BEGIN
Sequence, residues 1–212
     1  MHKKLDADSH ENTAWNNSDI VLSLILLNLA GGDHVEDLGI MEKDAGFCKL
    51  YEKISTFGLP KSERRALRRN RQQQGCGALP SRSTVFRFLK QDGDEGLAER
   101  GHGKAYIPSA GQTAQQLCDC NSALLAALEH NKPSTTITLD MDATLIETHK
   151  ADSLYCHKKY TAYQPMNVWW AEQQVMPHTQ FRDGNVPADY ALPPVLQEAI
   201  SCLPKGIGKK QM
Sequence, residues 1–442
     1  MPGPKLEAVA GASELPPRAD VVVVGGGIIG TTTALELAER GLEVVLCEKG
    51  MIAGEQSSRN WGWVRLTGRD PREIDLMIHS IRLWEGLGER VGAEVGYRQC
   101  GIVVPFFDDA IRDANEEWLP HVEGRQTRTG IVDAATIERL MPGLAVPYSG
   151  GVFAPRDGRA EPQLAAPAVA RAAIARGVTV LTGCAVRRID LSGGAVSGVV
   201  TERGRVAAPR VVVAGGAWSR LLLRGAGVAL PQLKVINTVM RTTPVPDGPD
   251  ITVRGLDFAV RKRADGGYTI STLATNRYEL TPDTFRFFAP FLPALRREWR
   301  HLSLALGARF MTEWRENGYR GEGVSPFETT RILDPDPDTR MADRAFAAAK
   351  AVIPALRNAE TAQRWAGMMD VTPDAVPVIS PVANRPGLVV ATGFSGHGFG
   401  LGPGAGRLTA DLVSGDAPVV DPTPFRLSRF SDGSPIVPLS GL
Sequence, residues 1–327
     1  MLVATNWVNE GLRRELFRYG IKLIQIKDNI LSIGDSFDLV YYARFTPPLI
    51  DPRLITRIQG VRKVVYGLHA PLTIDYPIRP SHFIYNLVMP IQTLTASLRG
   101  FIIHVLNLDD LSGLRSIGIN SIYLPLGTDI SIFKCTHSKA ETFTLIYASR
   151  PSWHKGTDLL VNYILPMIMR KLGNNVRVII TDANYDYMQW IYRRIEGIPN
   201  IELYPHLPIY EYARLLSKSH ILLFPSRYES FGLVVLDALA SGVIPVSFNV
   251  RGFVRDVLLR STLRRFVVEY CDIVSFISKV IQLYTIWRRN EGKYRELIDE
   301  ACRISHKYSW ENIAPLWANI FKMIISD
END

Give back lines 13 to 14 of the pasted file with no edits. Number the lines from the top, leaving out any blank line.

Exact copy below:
   251  ITVRGLDFAV RKRADGGYTI STLATNRYEL TPDTFRFFAP FLPALRREWR
   301  HLSLALGARF MTEWRENGYR GEGVSPFETT RILDPDPDTR MADRAFAAAK